I have to think that the Founders who had a role in ensuring that trial by jury was guaranteed in both Section 2 of Article III and in the Sixth Amendment are right now rolling over in their graves. (Of course, these Founders likely rolled over a couple times after the Supreme Court in Watts held that acquitted conduct could be the basis for a mandatory sentence enhancement. But if the spirits of these Founders had some new hope after Apprendi and Blakely came along, Booker and Welch surely having them spinning in their graves again.)
Friday, November 04, 2005
More state disparity on juvenile offenses and prior conviction exception
Divergent recent rulings from Oregon and from Ohio have revealed the considerable state court dickering over whether juvenile adjudications come within the "prior conviction" exception of the Apprendi-Blakely rule. And, thanks to this post at INCourts about an Indiana lower court decision in Pinkston v. State, No. 49A02-0412-CR-1003 (Ind. Ct. App. Oct. 31, 2005) (available here), I see that disparate approaches to this issue can emerge within one state as well as across states.
Notably, the Indiana Supreme Court should soon address the status of juvenile adjudications in Indiana through Ryle (discussed here and here). But the Pinkston court could not await the Indiana Supreme Court's guidance. And, notably, the Pinkston court, in contrast to the work done by the lower court in Ryle, holds that "juvenile adjudications are not prior convictions under Blakely/Apprendi."
Prior coverage of this issue and other issues surrounding the prior conviction exception can be found at this link.
November 4, 2005 in Almendarez-Torres and the prior conviction exception | Permalink | Comments (0) | TrackBack
Thursday, September 29, 2005
Eighth Circuit discusses scope of prior conviction exception
In a case with somewhat silly facts, the Eighth Circuit today in US v. Carrillo-Beltran, No. 04-3177 (8th Cir. Sept. 29, 2005) (available here) explained that a "court must be allowed to determine not only the 'fact of a prior conviction' but also those facts so 'intimately related' to the prior conviction to fall within the Apprendi exception." Of course, this ruling raises questions as to what facts are "intimately related" to a prior conviction to allow for judicial factfinding (which, perhaps, is the converse of the questions raised after the Supreme Court in Shepard cautioned against judges finding facts "too far removed from the conclusive significance of a prior judicial record.")
Monday, September 26, 2005
Another flavor of the prior conviction exception
Thanks to a reader tip, I can note a Colorado appeals court's discussion of yet another aspect of the prior conviction exception. In Colorado v. Martinez, No. 04-CA-2136 (Colo. App. Sept. 22, 2005) (available here), the court rejects the defendant's suggested narrow reading of the exception (which, as noted here, is the Ninth Circuit's approach) to hold that misdemeanor convictions do come within the exception. The Martinez opinion effectively details that many (but not all) lower state courts have likewise held that misdemeanor convictions do come within the prior conviction exception.
September 26, 2005 in Almendarez-Torres and the prior conviction exception, Blakely in the States | Permalink | Comments (0) | TrackBack
Wednesday, September 21, 2005
Major 9th Circuit ruling on prior conviction exception
In a detailed opinion with lots of important analysis, the Ninth Circuit today spoke at length about the scope of the Almendarez-Torres "prior conviction exception" in US v. Kortgaard, No. 03-10421 (9th Cir. Sept. 21, 2005) (available here).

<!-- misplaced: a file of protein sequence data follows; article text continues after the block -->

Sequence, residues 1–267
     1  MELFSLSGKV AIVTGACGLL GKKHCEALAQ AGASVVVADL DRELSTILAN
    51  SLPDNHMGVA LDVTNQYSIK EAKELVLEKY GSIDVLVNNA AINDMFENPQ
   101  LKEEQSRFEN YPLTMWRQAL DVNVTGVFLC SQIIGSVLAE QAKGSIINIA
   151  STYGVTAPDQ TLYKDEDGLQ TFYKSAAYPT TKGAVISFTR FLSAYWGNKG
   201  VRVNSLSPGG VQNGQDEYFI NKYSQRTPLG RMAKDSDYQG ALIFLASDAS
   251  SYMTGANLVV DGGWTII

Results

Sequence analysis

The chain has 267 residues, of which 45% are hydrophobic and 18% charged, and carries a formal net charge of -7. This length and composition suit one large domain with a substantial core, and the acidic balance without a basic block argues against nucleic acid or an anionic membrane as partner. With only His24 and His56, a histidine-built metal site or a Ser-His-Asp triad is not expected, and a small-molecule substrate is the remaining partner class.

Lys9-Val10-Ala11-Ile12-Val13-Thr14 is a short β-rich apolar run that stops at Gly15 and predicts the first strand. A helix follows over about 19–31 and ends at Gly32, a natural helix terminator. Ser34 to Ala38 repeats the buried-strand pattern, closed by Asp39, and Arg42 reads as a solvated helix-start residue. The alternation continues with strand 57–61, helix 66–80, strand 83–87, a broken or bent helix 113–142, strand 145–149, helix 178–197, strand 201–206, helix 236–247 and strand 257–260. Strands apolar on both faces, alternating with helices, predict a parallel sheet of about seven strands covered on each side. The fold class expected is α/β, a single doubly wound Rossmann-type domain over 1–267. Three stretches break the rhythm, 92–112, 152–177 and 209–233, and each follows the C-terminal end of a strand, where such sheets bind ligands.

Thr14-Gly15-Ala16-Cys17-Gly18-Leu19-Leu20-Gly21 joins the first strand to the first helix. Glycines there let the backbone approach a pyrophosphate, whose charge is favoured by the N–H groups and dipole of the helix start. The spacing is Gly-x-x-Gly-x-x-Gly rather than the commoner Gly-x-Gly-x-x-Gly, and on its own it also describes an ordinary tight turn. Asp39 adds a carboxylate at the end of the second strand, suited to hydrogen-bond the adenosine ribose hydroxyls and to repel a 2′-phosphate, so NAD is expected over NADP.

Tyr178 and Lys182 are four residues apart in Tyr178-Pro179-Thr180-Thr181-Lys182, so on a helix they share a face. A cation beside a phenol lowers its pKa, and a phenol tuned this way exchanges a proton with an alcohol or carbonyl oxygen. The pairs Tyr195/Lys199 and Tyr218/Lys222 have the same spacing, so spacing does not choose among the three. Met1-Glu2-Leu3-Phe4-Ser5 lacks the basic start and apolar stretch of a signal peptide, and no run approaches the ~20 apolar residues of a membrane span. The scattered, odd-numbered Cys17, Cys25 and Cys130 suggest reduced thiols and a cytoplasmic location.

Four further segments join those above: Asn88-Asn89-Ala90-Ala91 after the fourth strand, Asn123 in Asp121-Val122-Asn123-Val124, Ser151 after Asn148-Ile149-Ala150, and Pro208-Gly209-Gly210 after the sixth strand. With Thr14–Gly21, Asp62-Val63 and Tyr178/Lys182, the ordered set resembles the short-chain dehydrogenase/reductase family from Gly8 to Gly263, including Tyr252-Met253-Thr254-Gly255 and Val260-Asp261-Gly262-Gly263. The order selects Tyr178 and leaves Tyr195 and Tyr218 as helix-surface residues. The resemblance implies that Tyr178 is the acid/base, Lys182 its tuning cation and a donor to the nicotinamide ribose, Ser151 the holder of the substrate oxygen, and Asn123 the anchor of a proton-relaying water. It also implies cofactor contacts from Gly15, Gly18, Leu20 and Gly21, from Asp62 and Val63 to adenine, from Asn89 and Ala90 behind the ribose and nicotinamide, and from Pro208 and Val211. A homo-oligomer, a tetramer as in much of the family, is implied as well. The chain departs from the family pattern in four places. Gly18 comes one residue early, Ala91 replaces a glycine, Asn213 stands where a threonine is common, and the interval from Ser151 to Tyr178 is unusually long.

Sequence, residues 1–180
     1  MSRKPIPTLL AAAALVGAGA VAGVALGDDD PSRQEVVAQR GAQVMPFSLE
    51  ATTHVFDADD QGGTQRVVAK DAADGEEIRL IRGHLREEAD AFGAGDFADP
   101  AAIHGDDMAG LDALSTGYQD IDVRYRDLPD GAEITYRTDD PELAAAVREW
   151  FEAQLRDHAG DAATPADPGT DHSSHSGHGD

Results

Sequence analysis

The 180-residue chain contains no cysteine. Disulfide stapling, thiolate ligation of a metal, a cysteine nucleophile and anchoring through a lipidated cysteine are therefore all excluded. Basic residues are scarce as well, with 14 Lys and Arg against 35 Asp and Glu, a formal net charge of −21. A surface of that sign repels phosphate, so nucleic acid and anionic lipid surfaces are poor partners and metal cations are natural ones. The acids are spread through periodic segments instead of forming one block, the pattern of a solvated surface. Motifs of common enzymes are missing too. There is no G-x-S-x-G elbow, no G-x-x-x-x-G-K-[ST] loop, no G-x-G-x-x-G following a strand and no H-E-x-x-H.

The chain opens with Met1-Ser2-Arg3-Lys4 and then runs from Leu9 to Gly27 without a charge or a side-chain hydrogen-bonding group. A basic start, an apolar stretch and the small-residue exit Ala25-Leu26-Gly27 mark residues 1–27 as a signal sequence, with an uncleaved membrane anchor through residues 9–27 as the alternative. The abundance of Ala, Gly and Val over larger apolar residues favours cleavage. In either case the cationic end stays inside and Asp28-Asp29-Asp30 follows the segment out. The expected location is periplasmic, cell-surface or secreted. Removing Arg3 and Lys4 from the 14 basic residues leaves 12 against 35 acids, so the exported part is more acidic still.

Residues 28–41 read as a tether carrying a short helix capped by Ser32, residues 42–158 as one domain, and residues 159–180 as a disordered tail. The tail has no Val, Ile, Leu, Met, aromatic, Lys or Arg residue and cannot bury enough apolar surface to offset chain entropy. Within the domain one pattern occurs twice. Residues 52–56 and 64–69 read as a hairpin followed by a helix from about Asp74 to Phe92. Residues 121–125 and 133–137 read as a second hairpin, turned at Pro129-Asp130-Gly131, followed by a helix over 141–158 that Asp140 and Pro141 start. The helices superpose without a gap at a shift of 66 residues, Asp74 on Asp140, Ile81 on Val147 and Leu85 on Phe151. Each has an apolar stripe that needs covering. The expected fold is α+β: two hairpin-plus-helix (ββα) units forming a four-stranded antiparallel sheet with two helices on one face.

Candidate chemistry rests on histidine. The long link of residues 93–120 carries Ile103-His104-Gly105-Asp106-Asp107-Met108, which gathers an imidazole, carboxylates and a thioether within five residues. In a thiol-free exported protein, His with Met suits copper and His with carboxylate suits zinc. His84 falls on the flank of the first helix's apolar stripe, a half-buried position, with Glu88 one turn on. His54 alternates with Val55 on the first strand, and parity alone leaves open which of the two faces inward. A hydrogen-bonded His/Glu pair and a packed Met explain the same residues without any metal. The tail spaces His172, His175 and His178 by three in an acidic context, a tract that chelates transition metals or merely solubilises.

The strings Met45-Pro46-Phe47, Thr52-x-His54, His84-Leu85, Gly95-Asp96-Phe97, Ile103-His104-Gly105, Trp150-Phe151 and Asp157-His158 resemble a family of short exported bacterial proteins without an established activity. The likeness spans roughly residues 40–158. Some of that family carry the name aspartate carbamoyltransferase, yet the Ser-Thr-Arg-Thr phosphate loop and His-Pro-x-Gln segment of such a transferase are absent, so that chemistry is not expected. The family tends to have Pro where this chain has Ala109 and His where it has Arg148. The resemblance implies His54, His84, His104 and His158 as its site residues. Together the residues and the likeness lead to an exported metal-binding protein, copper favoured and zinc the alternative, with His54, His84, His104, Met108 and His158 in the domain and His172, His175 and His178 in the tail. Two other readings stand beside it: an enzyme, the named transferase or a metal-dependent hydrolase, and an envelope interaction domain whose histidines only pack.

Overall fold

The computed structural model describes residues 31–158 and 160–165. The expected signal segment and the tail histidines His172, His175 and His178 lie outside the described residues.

In short form, Kortgaard holds "that upward departures under § 4A1.3 of the United States Sentencing Guidelines involve factual findings beyond the fact of a prior conviction." In long form, Kortgaard has a lot to say about the reach of Blakely and about the distinction between factual and legal findings concerning prior convictions. Most fundamentally, the Ninth Circuit reiterates its view that the prior conviction exception should be given a narrow reading:
We are also guided by our decision in United States v. Tighe, wherein we stated that the prior conviction exception "should remain a 'narrow exception' to Apprendi." 266 F.3d 1187, 1194 (9th Cir. 2001) (quoting Apprendi, 530 U.S. at 490). As we noted in Tighe, the Apprendi Court derived the prior conviction exception from Almendarez-Torres; however, the Court also questioned the continuing validity of Almendarez-Torres regarding the consideration of recidivism in sentencing, construed it as "represent[ing] at best an exceptional departure from the historic practice that we have described," and therefore decided "to treat the case as a narrow exception to the general rule." Apprendi, 530 U.S. at 487, 489-90. We treated it accordingly in Tighe and declined "to extend Apprendi's 'prior conviction' exception to include prior nonjury juvenile adjudications on the basis of Almendarez-Torres' logic." Tighe, 266 F.3d at 1194.
We are faced here with another request to extend or broadly construe Apprendi's exception in order to include within it issues that have not been submitted to a jury. We once again decline to do so and continue to treat the exception as a narrow exception to the general rule.....
Apprendi stated the exception as covering "the fact of a prior conviction," not facts that are derived or inferred therefrom. 530 U.S. at 490 (emphasis added); see also id. at 488 ("any 'fact' of prior conviction"). While the Court repeated the "prior conviction" exception in both Blakely and Booker, in neither case did the Court have the occasion to redefine or expand its scope..... Even if the prior conviction exception legitimately includes facts that follow necessarily or as a matter of law from the fact of a prior conviction, we have already concluded that the findings required to support an upward departure under § 4A1.3 are not of that nature because they require the judgment of a factfinder.